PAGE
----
That is something that Buddhism can absorb because it is Buddhism; because of the nature of what Buddhism is. I think there is already a mix in Pure-land Buddhism with the Taoism and the I Ching.
www.heartlandsangha.org /Bauerle1.html   (1500 words)

 MiddleWay Press, Applying Buddhism to Daily Life   (Site not responding. Last check: 2007-11-03)
Buddhism is always rooted in the reality of life.
This book explores life’s philosophical intricacies from the perspective of Nichiren Buddhism, one of the most widely practiced forms of Buddhism in the United States today.
In this update of his modern classic, Daisaku Ikeda, the world’s foremost authority on Nichiren Buddhism, focuses the insights of Buddhism on life’s perplexing riddles, the phases of birth, aging and death.
www.middlewaypress.com   (445 words)

 [No title]   (Site not responding. Last check: 2007-11-03)
In spite of the fact that the field is clearly divided on racial and ethnic lines, no study of Buddhism in the United States has yet examined the role and influence of race on the development of American Buddhisms.
I argue that race influenced the construction of American Buddhisms, and that, in both Hawaii during the early twentieth century and in the Euro American appropriation of Asian Buddhism, race appears not to be an overriding concern.
As a result, the practice of Asian-American Buddhism in the United States by Asian American Buddhists has been artificially separated from what is now considered to be American Buddhism.
www.georgetown.edu /crossroads/dis/00pierce.htm   (360 words)

 [No title]   (Site not responding. Last check: 2007-11-03)
Master Hsuan Hua came to the United States in 1962 and were among the first to introduce genuine buddhism to the United States.
A time slot of 30 minutes will be allocated to anyone who is willing to give a talk about a topic related to buddhism or personal experience in the spiritual path, be it buddhism or otherwise.
Apart from the many monasteries, hermitages and disciples that the Master has left in the world, are records of his commentaries on Sutras and many Dharma talks...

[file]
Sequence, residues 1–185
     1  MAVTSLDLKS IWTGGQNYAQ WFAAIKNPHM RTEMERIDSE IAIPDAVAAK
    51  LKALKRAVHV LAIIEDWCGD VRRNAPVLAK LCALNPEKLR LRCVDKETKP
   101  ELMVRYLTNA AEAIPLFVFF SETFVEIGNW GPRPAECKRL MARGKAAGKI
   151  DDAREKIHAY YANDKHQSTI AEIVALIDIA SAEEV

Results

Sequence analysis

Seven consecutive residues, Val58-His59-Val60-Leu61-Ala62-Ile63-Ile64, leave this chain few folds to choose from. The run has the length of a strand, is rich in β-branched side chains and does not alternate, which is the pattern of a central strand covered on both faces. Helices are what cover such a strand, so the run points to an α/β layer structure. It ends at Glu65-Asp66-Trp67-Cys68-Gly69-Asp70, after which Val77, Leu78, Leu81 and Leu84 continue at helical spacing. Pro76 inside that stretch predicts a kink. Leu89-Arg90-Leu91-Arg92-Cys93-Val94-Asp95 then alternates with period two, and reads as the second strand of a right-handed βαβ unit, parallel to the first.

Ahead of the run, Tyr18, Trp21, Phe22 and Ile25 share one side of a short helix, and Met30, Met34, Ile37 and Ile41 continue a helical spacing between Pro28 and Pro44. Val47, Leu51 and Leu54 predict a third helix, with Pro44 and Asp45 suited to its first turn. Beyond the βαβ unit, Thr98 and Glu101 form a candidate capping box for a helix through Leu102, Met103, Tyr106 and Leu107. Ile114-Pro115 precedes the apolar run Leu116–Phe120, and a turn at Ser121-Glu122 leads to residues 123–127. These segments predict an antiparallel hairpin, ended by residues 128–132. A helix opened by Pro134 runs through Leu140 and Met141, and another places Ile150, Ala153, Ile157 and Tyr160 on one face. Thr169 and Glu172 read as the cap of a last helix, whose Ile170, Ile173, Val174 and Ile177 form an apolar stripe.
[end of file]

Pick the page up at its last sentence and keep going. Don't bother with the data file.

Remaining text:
www.sinc.sunysb.edu /Clubs/buddhism/newsletter/news28.txt   (715 words)

 American Buddhist Congress -An Invitation
Since Buddhism first came to the United States more than a century ago, it has grown and flourished primarily among immigrants from the various Asian Buddhist traditions.
We are convinced that Buddhism has an egalitarian, practical, and scientifically defensible appeal that will touch the hearts and minds of Americans of all traditions if we address them in English and in ways that are significant and meaningful to them.
The principles of loving kindness, compassion, and peace making, are well know to most Americans, but there is a need to find better ways to inform them of the Buddha's teachings themselves in language and with applications culturally and linguistically compatible with their existing cultural ideals and practices.
www.americanbuddhistcongress.org /home.htm   (233 words)

 American Buddhism on the rise | csmonitor.com
Buddhism arrived in the United States in the 1800s.
Buddhism is growing apace in the United States, and an identifiably American Buddhism is emerging.
There are many schools of Buddhism, but "everyone agrees that the purpose is the individual and collective realization of Enlightenment," Surya Das continues.
www.csmonitor.com /2006/0914/p14s01-lire.html   (1748 words)

 CyberSangha Sneak Preview Article   (Site not responding. Last check: 2007-11-03)
The religious culture of the United States was rich and varied, and much more complex than the simplistic division into Protestant, Catholic and Jew.
The assumptions underlying that religious culture are important to an understanding of the character of lay Buddhism in the United States since Buddhism in the United States has been informed not only by the religious culture of origin -- Tibetan, Chinese, Japanese, Korean, Burmese, etc. -- but also by the preconceptions of American adherents.
While it is certainly the case that many Americans have been attracted to Buddhism by its scholastic philosophy and theories of consciousness, it is important to keep in mind the centrality of practice for Buddhism.
www.newciv.org /CyberSangha/Sneak2.html   (2124 words)